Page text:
- Australian Institute of Management
- Davenport Financial Services
- CPA Australia
- Cadbury Schweppes
- RMIT University
- Australia Post
- Forensic Sciences Institute
- Victorian Government departments (Finance, Human Services, Transport, Police, Justice, Corrections, Legal services)
- Johns Hopkins University Applied Physics Laboratories
- Royal District Nursing Services
- Real Estate Institute of Tasmania
- PSN (Production Systems Network)
- Knowledge Management Roundtable
- Victorian Public Service Continuous Improvement Network
Professor Derek Walker
Design and Social Context, RMIT University, Melbourne
This witty and thought provoking book makes ideal reading for students of the many courses available in management as well. The book outlines characters inhabiting what Shelley calls the ‘organisational zoo’. People are characterised as various animals moving from A to Z.
He shows great insight and wit and one of the valuable features of this book is that through the animal metaphor he makes it easier for us to recognise some of the motivations of our co-workers, clients, and those we depend upon. My own perspective on this book is coloured by my project management experience.
I can see how viewing project stakeholders as well as the many team members we interact with as various animal species helps make sense of organisational cultures and a given situation’s ethos. The book also has several appendices, one with a management game that can be both fun and instructive. I will be using this as a management text as well as recommending it as light reading.
Project Director Knowledge Management, Strategic Management Division Victorian Department of Treasury & Finance
This book has tremendous potential to be used in all types of organisations large and small. Having a tool that people can use to identify themselves or others in a non-threatening way helps to break down many barriers that exist around cultural and behavioural issues. Hey, let loose and have some fun with it!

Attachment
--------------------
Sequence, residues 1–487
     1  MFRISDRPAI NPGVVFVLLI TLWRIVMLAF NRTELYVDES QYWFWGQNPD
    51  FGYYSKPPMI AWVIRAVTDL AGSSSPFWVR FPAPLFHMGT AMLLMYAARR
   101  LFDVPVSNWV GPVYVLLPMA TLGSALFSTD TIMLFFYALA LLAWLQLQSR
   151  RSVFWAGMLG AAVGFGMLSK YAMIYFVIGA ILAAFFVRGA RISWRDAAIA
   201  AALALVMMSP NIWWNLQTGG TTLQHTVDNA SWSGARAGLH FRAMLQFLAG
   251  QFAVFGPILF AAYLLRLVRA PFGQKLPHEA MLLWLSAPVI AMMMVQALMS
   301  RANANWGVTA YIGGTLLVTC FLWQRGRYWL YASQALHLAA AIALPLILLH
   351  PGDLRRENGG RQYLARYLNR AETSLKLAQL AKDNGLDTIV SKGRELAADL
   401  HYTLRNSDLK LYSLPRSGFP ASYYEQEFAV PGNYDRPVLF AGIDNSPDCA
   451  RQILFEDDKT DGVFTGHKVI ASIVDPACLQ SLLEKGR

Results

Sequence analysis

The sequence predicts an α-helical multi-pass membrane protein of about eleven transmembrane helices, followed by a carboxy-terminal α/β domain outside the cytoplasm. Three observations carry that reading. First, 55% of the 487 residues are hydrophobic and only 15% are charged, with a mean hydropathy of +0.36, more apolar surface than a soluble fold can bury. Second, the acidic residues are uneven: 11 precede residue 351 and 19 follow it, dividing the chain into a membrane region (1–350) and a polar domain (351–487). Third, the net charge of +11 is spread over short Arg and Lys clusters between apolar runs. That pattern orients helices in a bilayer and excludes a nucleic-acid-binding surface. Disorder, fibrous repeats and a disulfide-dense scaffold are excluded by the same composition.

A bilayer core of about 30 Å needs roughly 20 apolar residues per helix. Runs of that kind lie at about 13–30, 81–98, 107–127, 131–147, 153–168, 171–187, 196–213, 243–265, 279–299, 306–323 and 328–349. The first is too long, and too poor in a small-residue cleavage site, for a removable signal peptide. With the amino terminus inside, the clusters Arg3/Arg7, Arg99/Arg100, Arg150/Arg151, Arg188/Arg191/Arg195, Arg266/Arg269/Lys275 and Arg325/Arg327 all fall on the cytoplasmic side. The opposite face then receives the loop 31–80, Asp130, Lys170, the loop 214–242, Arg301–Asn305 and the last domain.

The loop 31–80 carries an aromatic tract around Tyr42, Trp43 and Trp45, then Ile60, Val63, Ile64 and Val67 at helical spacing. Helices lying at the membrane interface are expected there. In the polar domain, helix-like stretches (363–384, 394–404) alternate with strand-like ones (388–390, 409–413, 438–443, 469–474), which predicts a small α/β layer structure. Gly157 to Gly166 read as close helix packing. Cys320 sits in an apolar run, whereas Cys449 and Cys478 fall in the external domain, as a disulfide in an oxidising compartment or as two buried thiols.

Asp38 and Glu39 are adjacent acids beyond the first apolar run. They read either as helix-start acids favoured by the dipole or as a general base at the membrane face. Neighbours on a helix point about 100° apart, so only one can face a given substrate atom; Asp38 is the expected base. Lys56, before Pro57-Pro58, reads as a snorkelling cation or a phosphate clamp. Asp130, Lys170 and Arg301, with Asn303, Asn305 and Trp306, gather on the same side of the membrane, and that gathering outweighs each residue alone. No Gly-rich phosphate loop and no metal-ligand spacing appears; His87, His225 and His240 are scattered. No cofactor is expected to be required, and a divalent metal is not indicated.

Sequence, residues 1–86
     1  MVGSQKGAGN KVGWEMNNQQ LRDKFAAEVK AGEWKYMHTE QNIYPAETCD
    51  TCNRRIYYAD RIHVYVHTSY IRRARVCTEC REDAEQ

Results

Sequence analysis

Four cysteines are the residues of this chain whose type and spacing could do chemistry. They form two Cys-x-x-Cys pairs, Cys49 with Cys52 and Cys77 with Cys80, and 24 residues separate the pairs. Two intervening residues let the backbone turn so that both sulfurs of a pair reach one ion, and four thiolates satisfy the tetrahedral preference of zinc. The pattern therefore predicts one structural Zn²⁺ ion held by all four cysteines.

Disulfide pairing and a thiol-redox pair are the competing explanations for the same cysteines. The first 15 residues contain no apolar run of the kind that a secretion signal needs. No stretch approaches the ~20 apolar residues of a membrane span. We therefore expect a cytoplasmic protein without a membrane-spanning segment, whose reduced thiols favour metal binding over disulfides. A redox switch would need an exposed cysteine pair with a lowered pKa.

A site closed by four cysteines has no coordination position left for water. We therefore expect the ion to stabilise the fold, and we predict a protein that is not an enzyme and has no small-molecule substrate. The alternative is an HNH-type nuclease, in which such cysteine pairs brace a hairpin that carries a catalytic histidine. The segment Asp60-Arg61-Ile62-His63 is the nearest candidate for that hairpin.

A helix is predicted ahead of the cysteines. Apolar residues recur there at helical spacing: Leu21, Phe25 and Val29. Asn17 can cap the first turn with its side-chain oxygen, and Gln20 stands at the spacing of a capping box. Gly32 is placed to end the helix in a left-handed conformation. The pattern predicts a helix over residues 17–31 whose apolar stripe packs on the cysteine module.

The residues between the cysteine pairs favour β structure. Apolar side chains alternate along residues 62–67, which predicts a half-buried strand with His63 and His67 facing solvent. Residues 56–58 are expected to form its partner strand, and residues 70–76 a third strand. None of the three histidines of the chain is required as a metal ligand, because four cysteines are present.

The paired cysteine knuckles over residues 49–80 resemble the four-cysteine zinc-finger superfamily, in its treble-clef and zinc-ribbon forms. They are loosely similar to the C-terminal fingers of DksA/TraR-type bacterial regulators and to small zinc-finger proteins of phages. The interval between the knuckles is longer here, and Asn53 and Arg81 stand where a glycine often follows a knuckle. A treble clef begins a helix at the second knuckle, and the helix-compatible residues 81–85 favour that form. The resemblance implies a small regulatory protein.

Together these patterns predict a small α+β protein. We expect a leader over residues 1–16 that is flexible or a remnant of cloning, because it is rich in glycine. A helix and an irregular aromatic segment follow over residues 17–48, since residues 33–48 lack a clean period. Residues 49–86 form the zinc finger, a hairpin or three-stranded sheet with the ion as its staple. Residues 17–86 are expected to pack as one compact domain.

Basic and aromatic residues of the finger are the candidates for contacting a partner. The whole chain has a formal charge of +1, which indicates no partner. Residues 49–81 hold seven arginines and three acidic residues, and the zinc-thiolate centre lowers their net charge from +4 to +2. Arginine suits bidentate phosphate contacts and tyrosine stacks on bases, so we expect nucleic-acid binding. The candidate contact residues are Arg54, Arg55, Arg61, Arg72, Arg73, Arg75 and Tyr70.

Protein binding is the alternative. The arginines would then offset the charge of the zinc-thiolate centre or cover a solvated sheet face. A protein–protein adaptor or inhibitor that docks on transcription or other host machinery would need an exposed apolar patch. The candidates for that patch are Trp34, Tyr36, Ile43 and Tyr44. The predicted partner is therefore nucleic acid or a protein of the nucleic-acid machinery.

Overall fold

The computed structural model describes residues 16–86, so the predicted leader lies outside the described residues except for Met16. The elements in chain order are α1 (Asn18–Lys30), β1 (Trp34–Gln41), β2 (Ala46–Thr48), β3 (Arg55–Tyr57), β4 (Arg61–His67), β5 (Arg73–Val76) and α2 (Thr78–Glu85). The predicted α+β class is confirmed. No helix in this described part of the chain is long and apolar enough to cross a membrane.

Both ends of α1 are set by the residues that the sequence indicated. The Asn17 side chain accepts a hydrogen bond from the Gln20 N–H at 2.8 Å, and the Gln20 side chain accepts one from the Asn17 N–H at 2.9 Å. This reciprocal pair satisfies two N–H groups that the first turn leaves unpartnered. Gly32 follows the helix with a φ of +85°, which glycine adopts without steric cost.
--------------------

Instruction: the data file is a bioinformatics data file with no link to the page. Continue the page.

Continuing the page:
Dr. Rod Dilnutt
Principal, William Bethwey & Associates
An excellent resource. In my 25 years consulting I have been in many organisational zoos! Arthur’s fun approach to understanding the personalities in the workplace is unique and engaging. Beware the animals.
BAppSc, M.D. Organisational Effectiveness Consulting Pty. Ltd.
The Organizational Zoo is a refreshing and highly entertaining contribution to the sombre discipline of organisational behaviour. For those wanting to enhance their self awareness and find a humorous way to decipher the humanness around them, this book will provide the insight they are seeking. Having taught many of the creatures at a tertiary level, I now have validation that the truly successful ones were those who found their natural habitats.
Author of A Leader’s Guide To Storytelling, adviser to organizations worldwide on knowledge management and organizational storytelling and former Program Director, Knowledge Management, at the World Bank.
A fresh approach to organisational culture development.
Dr Kate Andrews
Disarmingly simple; chillingly accurate; creates a compelling typology of business jungle inhabitants.
Director, Seifen Consulting Pty Ltd
One of those thoroughly enjoyable books you can pick up at anytime, open anywhere and instantaneously relate to your working world.
Dr Hilton Deeth
University of Queensland
This book has something for everyone; for some it will be a lot of fun while for others it will be a didactic window into the workings of organisations. Most of us at some time have played a private game of matching people we know with members of the animal kingdom. However, Arthur Shelley has very skilfully taken this game and applied it to an organisational setting. With this book we can still play our little games, but the author has given us an excellent and expansive framework with which to play. From a bit of fun has come a very useful and insightful book for the work place.
Senior Business Journalist, The Age Newspaper Melbourne
Read the book over the weekend and enjoyed it. Love those insects! And the difference between the Lion CEO and his Eagle counterpart. Also liked the way the book in the end was an exhortation for people to develop some self-knowledge. I suspect it will be a winner.
I can vividly imagine the whole thing coming together….how to successfully utilise each person’s strengths to get a productive outcome. You don’t try to change the natures of these beasts but rather accept them for who they’ve become or chosen to be, and then work within that paradigm.